Former Commonwealth Bank President David Turner refused to refund 40% of his director's fees when asked by the council, an application that has never been made public, the Royal Banking Commission has heard.
CBA chairman Catherine Livingstone said Mr Turner, his predecessor, was asked to surrender charges in response to leadership failures in a review of the Australian prudential regulator last year.
Mister. Turner, who granted $ 14.2 million bonuses to executive executives of the bank in just 10 minutes despite scandals, refused to return the fees because he "did not recognize" the board of CBA he knew " in the APRA report.
In a three-hour move on Wednesday, the bank's red committee heard that the CBA had violated the law by not registering Mrs. Livingstone's challenge to managing the money laundering scandal in the minutes of the official council.
Ms. Livingstone acknowledged that the Board's assessment in 2016 was "inappropriate," there was an "impression" that executives were punished only if their failures became public and that its annual report of 2018 was not appropriate.
Ms. Livingstone served as CBA Director in March 2016 and was appointed President on January 1, 2017.
Not in a few minutes
After she lost her memories Tuesday afternoon, she reminded on Wednesday morning that it was a board meeting in October 2106 when it became clear that the leadership did not have the capacity to respond to a serious, escalated and systemic problem with AUSTRAC " t or would not be ".
But the minutes of this meeting contain no mention of Mrs. Livingstone's question – or the answer she said she received. She said that it is not necessarily the case that the minutes of the board record every conversation that takes place, but the senior board assisting the committee, Rowena Orr, QC reminded that it is a "significant change".
Ms. Orr pointed out that Article 251A of the Corporate Law requires commissions to keep the correct minutes and was offended not to do so.
The investigation examined the executive pay, hearing former CEO Ian Narev and current CBA deputy chief David Cohen calling for executive directors to receive full bonuses in 2016.
"Was the CBA's approach now to wait until a risk appeared publicly before imposing any consequences because it could not manage that risk?" Mrs. Orr asked.
"I do not think that was the intention, but it could be the impression created," Mrs. Livingstone said.
Mister. Turner has recommended Mr Narev to receive 108% of the short-term target bonus in 2016 – $ 2.8 million – despite the media's disclosure of the CommInsure scandal that damages his reputation.
Former wealth manager Annabel Spring saw the bonus cut 5% in 2016 and 30% in 2017. Ms. Livingstone said it should have been reduced to zero.
The group's management salaries were reduced by 10% in 2017. Ms. Livingstone said that "in the light of the subsequent events was obviously inadequate, which is why I subsequently made the subsequent adjustment in the context of the CBA procedure."
After the AUSTRAC dossier was filed in August 2017, the council lifted Mr Narev and the short-term bonus of his group's directors. The board decided not to change its long-term bonus, although Ms Livingstone argued that this would also be cut off.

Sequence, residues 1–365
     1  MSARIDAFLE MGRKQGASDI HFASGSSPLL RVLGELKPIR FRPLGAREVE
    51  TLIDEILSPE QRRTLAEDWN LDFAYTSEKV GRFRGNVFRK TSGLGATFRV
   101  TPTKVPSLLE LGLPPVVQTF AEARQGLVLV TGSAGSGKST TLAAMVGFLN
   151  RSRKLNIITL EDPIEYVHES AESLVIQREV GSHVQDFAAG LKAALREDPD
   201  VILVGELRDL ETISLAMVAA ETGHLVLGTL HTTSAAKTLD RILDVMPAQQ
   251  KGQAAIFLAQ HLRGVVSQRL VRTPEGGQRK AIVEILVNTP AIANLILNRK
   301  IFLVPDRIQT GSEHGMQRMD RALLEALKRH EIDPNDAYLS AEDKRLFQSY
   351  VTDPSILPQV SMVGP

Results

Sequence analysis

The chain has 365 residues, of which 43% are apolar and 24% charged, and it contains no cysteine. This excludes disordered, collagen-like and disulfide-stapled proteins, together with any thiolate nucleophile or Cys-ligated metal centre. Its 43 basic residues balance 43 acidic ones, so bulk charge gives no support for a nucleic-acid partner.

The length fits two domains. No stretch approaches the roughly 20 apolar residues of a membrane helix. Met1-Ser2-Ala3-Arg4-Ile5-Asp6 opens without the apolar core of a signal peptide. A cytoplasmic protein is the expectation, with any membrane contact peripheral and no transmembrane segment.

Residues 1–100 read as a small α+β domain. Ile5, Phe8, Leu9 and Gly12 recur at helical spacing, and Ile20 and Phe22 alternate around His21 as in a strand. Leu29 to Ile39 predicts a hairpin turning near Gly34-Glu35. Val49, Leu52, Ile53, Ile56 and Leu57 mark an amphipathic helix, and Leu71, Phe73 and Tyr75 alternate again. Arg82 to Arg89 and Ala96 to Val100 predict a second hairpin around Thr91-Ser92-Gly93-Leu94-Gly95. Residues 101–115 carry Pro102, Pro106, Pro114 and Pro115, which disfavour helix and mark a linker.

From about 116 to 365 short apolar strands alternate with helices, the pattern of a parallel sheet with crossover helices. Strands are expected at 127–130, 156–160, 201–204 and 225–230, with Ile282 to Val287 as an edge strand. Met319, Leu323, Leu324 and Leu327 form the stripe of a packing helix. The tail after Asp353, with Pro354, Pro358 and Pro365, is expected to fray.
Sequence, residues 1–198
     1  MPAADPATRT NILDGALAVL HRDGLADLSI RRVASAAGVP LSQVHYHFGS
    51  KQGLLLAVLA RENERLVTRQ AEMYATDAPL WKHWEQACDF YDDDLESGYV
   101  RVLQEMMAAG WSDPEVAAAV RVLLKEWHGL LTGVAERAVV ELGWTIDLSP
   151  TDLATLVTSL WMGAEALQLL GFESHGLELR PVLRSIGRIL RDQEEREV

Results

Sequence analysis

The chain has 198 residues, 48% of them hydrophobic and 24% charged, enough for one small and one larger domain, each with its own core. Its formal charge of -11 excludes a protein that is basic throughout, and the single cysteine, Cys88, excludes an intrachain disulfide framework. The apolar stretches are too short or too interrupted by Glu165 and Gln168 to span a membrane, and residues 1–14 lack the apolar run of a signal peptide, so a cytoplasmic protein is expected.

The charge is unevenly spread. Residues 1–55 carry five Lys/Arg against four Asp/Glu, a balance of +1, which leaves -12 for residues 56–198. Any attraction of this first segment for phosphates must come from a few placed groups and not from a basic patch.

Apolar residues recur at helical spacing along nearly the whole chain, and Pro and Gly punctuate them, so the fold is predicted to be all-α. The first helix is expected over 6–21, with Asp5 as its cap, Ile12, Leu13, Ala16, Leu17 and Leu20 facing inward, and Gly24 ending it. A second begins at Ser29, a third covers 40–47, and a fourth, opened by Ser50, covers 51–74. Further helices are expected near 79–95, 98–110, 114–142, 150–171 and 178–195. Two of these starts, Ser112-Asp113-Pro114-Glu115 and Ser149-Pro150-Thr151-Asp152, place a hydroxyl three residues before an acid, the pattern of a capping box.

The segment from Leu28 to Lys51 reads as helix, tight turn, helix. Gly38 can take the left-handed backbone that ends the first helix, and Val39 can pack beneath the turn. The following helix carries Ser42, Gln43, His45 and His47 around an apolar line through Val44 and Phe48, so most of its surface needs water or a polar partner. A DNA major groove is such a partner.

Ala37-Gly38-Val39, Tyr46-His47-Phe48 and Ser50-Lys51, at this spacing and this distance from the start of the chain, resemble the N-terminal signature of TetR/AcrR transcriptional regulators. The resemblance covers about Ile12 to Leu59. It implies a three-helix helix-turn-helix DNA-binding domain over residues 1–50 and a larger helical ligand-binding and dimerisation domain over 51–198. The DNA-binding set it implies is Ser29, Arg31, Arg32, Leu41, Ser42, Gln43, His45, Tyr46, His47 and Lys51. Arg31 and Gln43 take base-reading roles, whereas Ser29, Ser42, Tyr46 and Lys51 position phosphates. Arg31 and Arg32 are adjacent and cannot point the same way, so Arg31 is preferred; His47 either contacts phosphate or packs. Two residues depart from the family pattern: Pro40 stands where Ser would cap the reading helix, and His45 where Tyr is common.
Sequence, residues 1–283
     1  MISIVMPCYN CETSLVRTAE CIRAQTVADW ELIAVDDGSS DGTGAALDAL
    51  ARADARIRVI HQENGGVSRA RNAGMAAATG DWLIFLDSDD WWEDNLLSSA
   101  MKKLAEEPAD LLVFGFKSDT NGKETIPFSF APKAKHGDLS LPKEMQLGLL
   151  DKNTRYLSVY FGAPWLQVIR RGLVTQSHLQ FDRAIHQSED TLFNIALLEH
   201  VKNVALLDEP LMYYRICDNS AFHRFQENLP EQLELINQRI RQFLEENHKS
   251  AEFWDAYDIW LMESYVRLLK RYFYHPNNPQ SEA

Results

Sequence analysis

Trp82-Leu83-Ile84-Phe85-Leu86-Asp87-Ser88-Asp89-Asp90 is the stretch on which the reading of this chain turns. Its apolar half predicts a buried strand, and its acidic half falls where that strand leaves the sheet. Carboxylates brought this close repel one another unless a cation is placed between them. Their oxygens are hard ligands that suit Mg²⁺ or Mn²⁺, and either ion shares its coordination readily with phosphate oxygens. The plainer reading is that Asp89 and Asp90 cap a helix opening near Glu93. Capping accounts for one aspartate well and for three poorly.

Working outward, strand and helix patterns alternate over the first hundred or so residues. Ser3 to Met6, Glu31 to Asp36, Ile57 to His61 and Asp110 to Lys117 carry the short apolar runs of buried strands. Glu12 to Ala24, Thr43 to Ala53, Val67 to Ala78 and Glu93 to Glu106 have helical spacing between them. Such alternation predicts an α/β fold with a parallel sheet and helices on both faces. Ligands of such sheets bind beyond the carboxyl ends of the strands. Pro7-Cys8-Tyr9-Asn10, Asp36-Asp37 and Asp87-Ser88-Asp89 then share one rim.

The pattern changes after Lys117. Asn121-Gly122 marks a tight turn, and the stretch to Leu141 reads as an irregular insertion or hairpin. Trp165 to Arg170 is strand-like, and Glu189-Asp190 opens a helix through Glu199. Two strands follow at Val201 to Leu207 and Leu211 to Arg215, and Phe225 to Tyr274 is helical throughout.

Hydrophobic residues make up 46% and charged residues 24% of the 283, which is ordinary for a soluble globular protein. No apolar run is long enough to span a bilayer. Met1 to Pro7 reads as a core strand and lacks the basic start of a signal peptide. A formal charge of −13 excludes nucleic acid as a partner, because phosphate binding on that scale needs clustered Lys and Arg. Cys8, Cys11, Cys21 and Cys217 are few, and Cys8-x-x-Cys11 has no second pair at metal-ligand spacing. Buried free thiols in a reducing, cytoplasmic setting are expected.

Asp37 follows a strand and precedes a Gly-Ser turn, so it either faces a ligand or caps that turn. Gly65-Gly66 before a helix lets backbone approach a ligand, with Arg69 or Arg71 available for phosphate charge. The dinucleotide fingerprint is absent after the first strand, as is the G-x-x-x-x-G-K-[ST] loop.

Between 2011 and 2017, there were only seven cases involving five CBA directors, where short-term bonuses were reduced due to a risk issue and with one exception involving reductions of 20% or less. The bank never reduced an executive's short-term salary during this period for a risk issue that had not yet been made public.
Not my problem
After the APRA's prudential investigation revealed the board's malfunctioning within Mr Turner, the former president was invited by the board of directors to reimburse 40% of the commission paid to his director in his last year at the bank – but refused. (Mr. Turner was paid $ 437,521 in FY17 and $ 874,521 in FY2016.)
"Why did he ask the council to ask the former president to return these taxes?" Mrs. Orr asked.
"Because the council has considered it appropriate as a president that he is effectively participating in the reduction that we have all effectively done what has been described in the APRA report," Mrs. Livingstone said.
So why did not you make that clear in your pay report?
"Because the former chair did not agree to return a toll," said Mrs. Livingstone. He told another member of the board that he "did not recognize the CBA board he had known in the APRA report."
When group directors were told in 2017 that they had lost all variable pay in the short term, Ms. Livingstone said their responses varied.
"Some people immediately accepted, some were upset, and others felt that because it affected the whole group, including people who were not there for too long, it was not right," she said.
Commissioner Kenneth Hayne also punished CBA for the quality of disclosures in his annual report, which does not demonstrate why an executive salary has cut their salaries. She agreed that this could be improved.
CBA was also put under pressure to calculate 75% of long-term executive bonuses based on "total shareholders' return". APRA has suggested banks reduce dependence on this measure. Ms. Livingstone said the CBA did not, but "goes through a full review of the remuneration framework."
Commissioner Hayne also attacked the use of "balanced score books," suggesting that "the degree of specificity and detail that apply to the truth serve to mask the lack of a critical judgment on what really matters." Ms. Livingstone said that the CBA "is struggling" with the way in which variable remuneration is set, and that "it is currently looking at our remuneration framework as we continue to develop it."